By Gordon M. Sayre, author of “Jefferson Takes on Buffon: The Polemic on American Animals in Notes on the State of Virginia” in the January 2021 issue of the William and Mary Quarterly
Thomas Jefferson’s Notes on the State of Virginia has intrigued me for my entire career. In my dissertation research I read Wayne Franklin’s Discoverers, Explorers, Settlers, which called attention to the powerful visual rhetoric of table 2 of the quadrupeds of Europe and of America: “the great blank space under ‘Europe’ is a coyly graphic reminder of Jefferson’s conclusion that America is far more lavish in its forms of life than the Old World.” I returned to NSV when writing about the imaginative portraits of Mound Builder civilization produced by travelers and politicians in the 1790s, and again each time I assigned Frank Shuffelton’s edition in my course on American Literature to 1800. My students read the polemic in Query VI and Jefferson’s aggrieved tone had its effect; in their papers and exams some students would misspell the name of Jefferson’s antagonist as “Buffoon” and ridicule his prejudices. At that time I did not yet know how I should correct them.
I designed a later version of the same course around feature films based on early American literature and history: Black Robe, Cabeza de Vaca, Disney’s Pocahontas, and James Ivory and Ismail Merchant’s Jefferson in Paris, which dramatize the story of Sally Hemmings a couple years before Annette Gordon-Reed’s first book appeared. James Ivory grew up in Klamath Falls, graduated from the University of Oregon, and donated his papers to the UO library. A few of my students read through the budgets, casting notes, and draft screenplays there, and found correspondence documenting the opposition Ivory aroused when he decided to focus on the perspective of Sally, played by Thandi Newton, and James Hemmings, played by Seth Gilliam.
As I began work on my article about Jefferson and Buffon, I recalled a brief scene from the film in which Jefferson delivers to Buffon the skeleton of a moose, a story that I found has been retold several times as a lesson in patriotic whiggish history of science, such as in Lee Alan Dugatkin’s Jefferson and the Giant Moose.
During a 2015 sabbatical I began a project on the history of the species concept as linked to the history of books that circulated descriptions, images, and taxonomies of the plants and animals. Buffon’s encyclopedic Histoire naturelle was an important part of this history, and I began to delve into the 36 volumes of that work. I had visited the Buffon museum on his estate at Montbard in Burgundy, and read a couple of the inexpensive livres de poche that French publishers produced about Buffon. In those books I saw how the debate with Jefferson received no attention, and the theory of American degeneracy was not an important part of Buffon’s legacy for French scholars and students.
Buffon’s Histoire naturelle was enormously popular, and my library had several translations, anthologies, and reprints, but the original quarto volumes were available only on the internet. I came to rely on the Buffon website sponsored by the French Centre Nationale de la Recherche Scientifique; a large digital humanities project that digitized the text of the entire Histoire naturelle. This enabled me to search for the names of species and to more easily find the weights of specimens, both in the extensive tables of measurements that Louis Daubenton prepared, and in the text of the chapters by Buffon. One of the reviewers of my first manuscript submission to the Quarterly was Stéphane Schmitt, co-editor of a new scholarly edition of the series, which had just recently released the volumes including the American quadruped species I was studying.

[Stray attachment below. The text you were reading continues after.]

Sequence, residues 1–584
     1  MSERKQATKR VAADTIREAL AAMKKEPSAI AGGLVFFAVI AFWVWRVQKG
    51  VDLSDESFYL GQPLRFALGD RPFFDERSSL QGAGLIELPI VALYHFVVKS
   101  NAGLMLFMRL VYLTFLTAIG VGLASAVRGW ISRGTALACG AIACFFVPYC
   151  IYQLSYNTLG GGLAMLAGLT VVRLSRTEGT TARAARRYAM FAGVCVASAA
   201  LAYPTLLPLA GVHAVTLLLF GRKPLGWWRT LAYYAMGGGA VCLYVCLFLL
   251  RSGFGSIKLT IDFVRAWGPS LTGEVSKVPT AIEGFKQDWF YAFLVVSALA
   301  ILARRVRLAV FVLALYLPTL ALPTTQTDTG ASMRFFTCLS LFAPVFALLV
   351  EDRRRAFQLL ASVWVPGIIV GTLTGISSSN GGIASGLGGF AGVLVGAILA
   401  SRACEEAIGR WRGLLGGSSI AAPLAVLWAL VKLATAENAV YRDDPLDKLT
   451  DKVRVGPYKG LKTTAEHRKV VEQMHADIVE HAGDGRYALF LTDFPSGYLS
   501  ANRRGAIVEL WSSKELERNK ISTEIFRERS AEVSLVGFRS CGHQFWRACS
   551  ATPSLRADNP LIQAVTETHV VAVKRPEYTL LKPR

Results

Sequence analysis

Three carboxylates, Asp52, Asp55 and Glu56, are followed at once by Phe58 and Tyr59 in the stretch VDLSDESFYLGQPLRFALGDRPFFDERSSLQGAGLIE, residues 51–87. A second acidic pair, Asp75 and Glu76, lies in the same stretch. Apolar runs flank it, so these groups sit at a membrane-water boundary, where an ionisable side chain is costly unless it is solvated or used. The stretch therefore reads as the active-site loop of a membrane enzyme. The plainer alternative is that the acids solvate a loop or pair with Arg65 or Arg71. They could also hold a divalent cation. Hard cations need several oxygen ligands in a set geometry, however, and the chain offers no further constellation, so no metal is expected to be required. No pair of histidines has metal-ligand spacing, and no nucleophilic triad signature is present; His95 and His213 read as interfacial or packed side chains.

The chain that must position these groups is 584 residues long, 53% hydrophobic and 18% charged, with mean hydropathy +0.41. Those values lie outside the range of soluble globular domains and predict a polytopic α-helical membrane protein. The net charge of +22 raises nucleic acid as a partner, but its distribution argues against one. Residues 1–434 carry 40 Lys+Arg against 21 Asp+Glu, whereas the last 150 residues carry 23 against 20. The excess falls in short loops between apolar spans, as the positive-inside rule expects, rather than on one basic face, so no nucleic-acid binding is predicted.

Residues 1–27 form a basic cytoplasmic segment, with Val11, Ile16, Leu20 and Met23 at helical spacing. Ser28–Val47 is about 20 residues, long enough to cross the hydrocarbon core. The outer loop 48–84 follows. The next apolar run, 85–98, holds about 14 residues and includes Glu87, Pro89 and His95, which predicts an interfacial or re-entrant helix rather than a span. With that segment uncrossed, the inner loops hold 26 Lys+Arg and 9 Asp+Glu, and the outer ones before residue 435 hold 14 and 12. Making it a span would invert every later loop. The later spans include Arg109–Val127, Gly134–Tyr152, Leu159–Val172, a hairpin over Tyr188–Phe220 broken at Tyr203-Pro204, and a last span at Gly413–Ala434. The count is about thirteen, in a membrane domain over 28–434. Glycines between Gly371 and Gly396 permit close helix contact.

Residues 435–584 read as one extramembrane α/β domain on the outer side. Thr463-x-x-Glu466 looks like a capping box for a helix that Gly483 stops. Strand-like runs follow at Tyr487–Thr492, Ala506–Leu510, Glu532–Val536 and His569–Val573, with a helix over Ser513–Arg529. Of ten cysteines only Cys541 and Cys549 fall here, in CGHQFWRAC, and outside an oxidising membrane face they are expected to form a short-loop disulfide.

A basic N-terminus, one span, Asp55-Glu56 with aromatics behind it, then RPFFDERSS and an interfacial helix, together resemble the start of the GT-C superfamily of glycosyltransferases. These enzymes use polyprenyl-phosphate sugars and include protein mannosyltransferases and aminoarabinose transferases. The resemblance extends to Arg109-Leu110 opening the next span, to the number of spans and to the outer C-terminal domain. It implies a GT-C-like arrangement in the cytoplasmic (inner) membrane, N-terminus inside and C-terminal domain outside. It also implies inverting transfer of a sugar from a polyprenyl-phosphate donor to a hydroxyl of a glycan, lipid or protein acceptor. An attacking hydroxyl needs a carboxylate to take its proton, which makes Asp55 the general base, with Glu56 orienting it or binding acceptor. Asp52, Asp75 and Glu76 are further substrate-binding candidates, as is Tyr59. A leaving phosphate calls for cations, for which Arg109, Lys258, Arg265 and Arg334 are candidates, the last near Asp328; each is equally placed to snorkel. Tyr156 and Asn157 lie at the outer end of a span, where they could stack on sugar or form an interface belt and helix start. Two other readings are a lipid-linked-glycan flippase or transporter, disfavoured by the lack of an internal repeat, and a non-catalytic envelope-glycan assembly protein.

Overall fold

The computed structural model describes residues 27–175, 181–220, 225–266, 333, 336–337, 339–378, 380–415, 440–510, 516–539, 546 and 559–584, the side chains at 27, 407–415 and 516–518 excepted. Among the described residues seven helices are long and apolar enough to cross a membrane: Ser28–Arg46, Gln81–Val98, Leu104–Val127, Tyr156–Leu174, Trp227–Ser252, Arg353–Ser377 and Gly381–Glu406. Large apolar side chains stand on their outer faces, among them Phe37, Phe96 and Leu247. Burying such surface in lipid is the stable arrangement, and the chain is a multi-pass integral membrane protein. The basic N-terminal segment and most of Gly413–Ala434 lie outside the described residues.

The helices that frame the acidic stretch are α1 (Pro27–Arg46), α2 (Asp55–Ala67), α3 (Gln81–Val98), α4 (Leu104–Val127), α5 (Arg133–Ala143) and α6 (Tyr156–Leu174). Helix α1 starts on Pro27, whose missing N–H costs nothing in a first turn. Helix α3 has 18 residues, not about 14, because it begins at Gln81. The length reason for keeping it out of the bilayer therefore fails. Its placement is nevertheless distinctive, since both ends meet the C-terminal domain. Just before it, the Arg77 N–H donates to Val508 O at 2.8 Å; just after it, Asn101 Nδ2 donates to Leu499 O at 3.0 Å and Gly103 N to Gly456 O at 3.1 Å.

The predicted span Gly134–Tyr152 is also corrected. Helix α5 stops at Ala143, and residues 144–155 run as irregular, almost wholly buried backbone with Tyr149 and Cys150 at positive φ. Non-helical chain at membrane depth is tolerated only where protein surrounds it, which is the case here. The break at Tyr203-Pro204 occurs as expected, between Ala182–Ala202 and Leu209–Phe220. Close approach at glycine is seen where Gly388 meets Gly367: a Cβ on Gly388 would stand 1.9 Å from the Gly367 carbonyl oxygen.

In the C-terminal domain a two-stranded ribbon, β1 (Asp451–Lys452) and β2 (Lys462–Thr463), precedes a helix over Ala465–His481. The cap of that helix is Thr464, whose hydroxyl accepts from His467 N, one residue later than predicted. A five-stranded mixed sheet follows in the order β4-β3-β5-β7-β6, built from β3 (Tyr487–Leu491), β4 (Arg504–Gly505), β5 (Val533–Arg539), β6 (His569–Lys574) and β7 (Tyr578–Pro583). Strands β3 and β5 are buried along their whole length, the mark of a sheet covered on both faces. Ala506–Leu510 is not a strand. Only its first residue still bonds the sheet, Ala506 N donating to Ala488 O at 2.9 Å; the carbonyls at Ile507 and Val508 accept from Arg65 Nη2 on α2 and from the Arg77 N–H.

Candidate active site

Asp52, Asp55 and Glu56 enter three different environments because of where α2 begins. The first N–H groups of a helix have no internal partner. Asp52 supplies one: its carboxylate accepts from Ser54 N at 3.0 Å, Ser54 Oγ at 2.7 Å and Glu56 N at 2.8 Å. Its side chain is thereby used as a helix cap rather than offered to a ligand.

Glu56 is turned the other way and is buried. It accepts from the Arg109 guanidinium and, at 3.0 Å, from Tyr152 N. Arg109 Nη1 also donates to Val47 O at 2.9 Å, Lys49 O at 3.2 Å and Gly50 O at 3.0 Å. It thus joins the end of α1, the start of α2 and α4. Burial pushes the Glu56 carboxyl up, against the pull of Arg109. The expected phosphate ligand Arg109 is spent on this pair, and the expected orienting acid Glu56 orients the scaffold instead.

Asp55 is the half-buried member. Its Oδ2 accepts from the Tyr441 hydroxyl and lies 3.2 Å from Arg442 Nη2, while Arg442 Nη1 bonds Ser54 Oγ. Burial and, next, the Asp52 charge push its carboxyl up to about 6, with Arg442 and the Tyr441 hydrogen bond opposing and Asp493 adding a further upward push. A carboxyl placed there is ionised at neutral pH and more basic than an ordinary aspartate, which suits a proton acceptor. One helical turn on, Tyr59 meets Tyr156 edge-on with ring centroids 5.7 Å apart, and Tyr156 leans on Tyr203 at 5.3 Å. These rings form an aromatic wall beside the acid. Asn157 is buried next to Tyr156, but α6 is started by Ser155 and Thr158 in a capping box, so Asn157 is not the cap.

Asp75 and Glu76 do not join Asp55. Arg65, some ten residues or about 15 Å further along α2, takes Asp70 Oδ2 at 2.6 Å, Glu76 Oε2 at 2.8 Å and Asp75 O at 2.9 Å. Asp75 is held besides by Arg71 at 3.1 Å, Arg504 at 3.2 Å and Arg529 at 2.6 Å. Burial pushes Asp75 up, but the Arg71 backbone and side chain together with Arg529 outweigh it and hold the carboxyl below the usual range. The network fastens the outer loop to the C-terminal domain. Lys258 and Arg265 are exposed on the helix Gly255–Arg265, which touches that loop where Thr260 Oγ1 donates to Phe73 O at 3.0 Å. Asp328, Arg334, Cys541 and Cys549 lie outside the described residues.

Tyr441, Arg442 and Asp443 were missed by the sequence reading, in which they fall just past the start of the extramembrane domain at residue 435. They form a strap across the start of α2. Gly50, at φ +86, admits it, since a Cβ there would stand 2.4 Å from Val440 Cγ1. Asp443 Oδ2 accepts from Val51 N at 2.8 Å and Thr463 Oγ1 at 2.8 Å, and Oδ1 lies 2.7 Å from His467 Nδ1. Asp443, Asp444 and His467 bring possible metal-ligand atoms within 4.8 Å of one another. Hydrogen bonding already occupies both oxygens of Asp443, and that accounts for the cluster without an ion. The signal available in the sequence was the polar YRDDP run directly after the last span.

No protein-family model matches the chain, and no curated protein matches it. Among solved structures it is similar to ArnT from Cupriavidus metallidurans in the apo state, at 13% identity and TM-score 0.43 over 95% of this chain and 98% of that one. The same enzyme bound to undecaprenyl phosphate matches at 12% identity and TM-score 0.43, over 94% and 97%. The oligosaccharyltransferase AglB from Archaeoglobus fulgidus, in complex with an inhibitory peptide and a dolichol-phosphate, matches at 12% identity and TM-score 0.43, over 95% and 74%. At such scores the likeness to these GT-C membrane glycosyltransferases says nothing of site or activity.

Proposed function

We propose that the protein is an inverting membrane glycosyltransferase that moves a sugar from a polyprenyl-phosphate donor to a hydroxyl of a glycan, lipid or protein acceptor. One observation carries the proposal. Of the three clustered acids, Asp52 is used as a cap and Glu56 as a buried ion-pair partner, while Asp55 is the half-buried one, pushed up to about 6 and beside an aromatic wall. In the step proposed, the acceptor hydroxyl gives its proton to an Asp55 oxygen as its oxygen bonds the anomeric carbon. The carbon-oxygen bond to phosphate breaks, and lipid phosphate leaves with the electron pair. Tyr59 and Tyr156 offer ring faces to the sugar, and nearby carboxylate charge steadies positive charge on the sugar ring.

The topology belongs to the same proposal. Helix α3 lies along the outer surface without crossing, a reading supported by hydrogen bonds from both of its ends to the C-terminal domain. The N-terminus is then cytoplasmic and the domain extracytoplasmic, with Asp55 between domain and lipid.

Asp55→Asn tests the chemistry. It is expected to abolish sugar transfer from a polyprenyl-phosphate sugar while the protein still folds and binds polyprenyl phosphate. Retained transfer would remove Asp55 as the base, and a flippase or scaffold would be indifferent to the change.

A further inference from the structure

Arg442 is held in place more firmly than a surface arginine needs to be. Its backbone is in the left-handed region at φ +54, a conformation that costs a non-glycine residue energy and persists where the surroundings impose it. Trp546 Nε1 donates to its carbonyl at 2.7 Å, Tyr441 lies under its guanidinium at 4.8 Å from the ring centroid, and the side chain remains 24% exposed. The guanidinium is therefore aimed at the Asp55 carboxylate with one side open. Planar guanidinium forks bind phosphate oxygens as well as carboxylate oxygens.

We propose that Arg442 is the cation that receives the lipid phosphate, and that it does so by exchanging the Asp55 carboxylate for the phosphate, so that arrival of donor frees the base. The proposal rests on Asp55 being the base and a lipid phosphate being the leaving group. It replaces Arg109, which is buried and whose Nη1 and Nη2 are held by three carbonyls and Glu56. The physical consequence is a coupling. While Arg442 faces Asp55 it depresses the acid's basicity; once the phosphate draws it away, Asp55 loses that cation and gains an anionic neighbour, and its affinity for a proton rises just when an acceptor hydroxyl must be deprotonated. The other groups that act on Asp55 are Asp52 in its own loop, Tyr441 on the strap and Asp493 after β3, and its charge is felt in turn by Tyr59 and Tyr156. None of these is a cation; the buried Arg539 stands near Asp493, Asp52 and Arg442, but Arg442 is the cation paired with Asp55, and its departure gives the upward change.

The table in the appendix to the article was part of my project from the very beginning. Once I realized Jefferson had selected nearly all the animals in the tables from his reading of Buffon, I decided to update the tables and learn about every species listed in them. For hours I pored over wikipedia in French and English, as well as the Biodiversity Heritage Library, Encyclopedia of Life, and a giant picture book entitled Animals, purchased at Costco for my kids. At the final stage Schmitt’s notes helped confirm or correct my species identifications. Wikipedia is well integrated with biologists’ networks, and it is the custom in these natural history works to cite the first scientific publication which described and named a species. Linnaeus’ Systema naturae was frequently referenced, but never Buffon’s Histoire naturelle. This was an important clue to the history of species taxonomy. Buffon ignored Jefferson’s challenge in NSV, which appeared only a couple years before he died, but he had been an intellectual rival of Carl Linnaeus for decades. Buffon prioritized the largest and the domesticated animals, and believed species could gradually change over time. He saw little use for a single systematic taxonomy encompassing all kinds of flora and fauna. The years when Jefferson was in Paris and published the three editions of NSV were a turning point for natural history, because comparative anatomy and the study of fossil bones enabled a comprehensive picture of extinct species and ancient zoology. Buffon’s work helped bring this about, even if his rival Linnaeus set the standard for taxonomy and nomenclature that still endures today.
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